Marriott developer at IDA hearing says bank requires tax breaks

03/30/2015 10:27 PM |
A rendering of the proposed 114-room Marriott Residence Inn on Route 58

A rendering of the proposed 114-room Marriott Residence Inn on Route 58.

A developer proposing to build a Marriott Residence Inn on Route 58 in Riverhead claims his bank won’t finance the project unless he secures tax breaks.

During a public hearing at the Riverhead Industrial Development Agency’s meeting Monday, developer Lee Browning said without IDA tax abatements, his proposed 114-room hotel “probably won’t” get bank financing.

Even if it does, he said the project could be delayed by at least three years.

“I would tell you that the hardest thing in my life is getting financing for these projects,” said Mr. Browning, who also owns Hilton Garden Inn located adjacent to the Marriot’s proposed site. “[IDA tax breaks are] definitely a requirement of the banks.”

Mr. Browning’s attorney Brendan DeRiggi said financing for hospitality businesses are difficult to secure.

“Every attempt we have made to procure financing in this very difficult environment has been expressly conditioned upon on us procuring benefits from the IDA,” he said.

The IDA can grant sales tax exemptions on the cost of building materials, mortgage recording tax exemptions, and a partial property tax exemption that usually starts at 50 percent of the value of the improvements, with the the amount of the exemption declining by five percent per year over 10 years until the project is paying 100 percent of its property tax.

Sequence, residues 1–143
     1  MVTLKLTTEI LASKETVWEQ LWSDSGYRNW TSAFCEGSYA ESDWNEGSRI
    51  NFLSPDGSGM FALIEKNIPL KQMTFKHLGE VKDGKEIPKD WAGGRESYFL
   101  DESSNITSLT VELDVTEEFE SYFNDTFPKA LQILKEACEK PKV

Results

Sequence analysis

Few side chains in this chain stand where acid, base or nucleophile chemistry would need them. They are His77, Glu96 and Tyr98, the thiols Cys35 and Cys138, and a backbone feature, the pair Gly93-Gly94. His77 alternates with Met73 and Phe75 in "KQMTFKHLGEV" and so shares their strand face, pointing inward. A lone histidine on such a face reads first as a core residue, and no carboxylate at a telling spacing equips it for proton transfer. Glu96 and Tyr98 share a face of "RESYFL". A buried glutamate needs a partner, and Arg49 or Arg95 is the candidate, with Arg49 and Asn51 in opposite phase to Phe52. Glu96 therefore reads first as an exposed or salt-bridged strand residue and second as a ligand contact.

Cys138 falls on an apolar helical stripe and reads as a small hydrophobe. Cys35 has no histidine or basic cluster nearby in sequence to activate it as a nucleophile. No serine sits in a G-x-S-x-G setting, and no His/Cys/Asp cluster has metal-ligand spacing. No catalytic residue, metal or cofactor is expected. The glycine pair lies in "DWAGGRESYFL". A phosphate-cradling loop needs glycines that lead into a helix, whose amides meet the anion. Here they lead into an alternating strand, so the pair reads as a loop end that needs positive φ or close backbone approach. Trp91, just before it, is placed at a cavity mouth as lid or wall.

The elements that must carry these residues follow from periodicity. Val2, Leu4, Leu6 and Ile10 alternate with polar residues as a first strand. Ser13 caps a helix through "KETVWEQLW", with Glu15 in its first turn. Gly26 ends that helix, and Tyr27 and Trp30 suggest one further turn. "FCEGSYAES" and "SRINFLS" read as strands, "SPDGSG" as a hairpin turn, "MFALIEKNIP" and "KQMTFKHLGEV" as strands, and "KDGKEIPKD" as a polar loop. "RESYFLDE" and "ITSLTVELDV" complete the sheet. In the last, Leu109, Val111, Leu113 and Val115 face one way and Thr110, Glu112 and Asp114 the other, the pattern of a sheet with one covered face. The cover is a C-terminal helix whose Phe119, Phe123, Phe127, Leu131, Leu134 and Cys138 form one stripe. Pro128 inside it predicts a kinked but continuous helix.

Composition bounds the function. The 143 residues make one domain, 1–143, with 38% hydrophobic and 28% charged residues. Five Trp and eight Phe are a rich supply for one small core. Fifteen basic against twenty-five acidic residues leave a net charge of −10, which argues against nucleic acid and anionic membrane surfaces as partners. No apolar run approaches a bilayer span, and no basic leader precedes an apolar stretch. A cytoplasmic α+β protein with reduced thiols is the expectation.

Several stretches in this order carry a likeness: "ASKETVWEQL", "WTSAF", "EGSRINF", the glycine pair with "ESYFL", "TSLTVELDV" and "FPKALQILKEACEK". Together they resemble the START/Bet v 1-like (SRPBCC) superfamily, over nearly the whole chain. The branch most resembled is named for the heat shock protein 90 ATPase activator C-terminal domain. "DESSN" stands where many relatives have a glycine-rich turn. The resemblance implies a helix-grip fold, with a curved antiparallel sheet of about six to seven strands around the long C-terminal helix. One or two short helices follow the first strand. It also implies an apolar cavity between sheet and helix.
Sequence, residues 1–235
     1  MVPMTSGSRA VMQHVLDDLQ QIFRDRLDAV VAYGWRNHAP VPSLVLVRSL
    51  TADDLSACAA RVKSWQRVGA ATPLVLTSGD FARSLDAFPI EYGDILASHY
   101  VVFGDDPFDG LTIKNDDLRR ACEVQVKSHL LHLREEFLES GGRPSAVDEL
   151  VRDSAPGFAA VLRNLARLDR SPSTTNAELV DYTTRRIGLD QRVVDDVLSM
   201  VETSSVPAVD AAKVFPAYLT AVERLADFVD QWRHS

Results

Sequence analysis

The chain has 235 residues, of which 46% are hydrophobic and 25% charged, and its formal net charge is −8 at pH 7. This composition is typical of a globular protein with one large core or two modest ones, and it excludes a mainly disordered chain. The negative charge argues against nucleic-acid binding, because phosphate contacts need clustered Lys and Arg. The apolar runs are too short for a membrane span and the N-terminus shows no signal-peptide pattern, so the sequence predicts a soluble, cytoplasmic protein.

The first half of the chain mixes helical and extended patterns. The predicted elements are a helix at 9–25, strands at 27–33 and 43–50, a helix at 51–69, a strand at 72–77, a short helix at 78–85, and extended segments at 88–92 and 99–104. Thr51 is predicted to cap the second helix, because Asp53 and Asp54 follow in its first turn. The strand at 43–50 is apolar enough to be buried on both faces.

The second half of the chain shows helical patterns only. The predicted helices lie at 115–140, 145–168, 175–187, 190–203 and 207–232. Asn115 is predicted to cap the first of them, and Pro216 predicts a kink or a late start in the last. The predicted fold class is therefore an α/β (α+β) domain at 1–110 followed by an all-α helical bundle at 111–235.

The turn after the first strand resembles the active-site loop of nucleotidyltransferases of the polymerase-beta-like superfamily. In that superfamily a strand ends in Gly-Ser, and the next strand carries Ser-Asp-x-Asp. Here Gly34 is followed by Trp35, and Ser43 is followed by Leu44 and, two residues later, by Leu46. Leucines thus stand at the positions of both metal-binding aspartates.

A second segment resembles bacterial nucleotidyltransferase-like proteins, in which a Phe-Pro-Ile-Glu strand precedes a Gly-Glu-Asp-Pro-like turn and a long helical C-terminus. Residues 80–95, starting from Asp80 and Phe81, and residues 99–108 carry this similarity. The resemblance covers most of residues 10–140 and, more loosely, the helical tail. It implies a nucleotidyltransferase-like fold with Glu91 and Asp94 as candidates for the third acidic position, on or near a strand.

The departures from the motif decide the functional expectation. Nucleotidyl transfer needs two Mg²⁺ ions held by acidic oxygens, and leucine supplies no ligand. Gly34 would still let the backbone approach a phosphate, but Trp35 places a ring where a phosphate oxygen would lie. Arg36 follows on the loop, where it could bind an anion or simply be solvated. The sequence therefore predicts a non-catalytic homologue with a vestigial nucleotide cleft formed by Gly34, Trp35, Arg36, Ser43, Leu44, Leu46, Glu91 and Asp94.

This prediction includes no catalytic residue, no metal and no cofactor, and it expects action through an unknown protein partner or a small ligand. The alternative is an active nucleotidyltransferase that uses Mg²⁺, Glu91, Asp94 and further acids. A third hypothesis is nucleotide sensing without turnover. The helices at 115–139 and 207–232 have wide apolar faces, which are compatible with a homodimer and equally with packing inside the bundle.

The proposed 114,000-square foot Marriot includes four floors and 140 suites, as well as catering, meeting facilities, indoor and outdoor swimming pools and a staging area for tour buses.

The suites also include full-service kitchens, grocery deliveries, laundry and dry cleaning services.

The project is expected to create 250 construction jobs and about 50 full-time jobs at the hotel once it’s open.

Mr. Browning said he always looks locally to hire vendors and workers and offers internships to local high school students. He also allows a tour bus service to use his parking lot at no cost and plans a similar arrangement with Hampton Jitney.

South Jamesport resident Larry Simms was the only member of the public to speak at the hearing and questioned why the developer failed to include documentation from the bank in the application filing stating it required the IDA tax abatement.

Mr. Simms, who is involved in commercial construction in New York City, also said he doesn’t believe the applicant needs the tax credits.

“I’m not convinced,” he said. “I think you need to know with certainty that this is a requirement.

“In the absence of anything further, I think you need to deny the application.”

The Riverhead IDA is appointed by the Town Board, which has stated it opposes IDA tax breaks for Route 58 projects.

After the hearing was over and Mr. Browning left, IDA board members discussed the application.

“In my opinion, a Marriott Residence Inn is a plus for the town,” Lou Kalogeras said. “I’m of the opinion we should pull the trigger now.”

Paul Thompson agreed.

“He’s been an excellent neighbor,” Mr. Thompson said.

IDA member Dawn Thomas said Mr. Simms raised some good points and believes the board should wait until it receives more information from the bank.

The IDA will soon be short two members because the Town Board has yet to fill the vacancy left by the resignation of former IDA member Carl Gabrielsen. In addition, Mr. Thompson said he’s moving to Florida and Monday’s meeting was his last.

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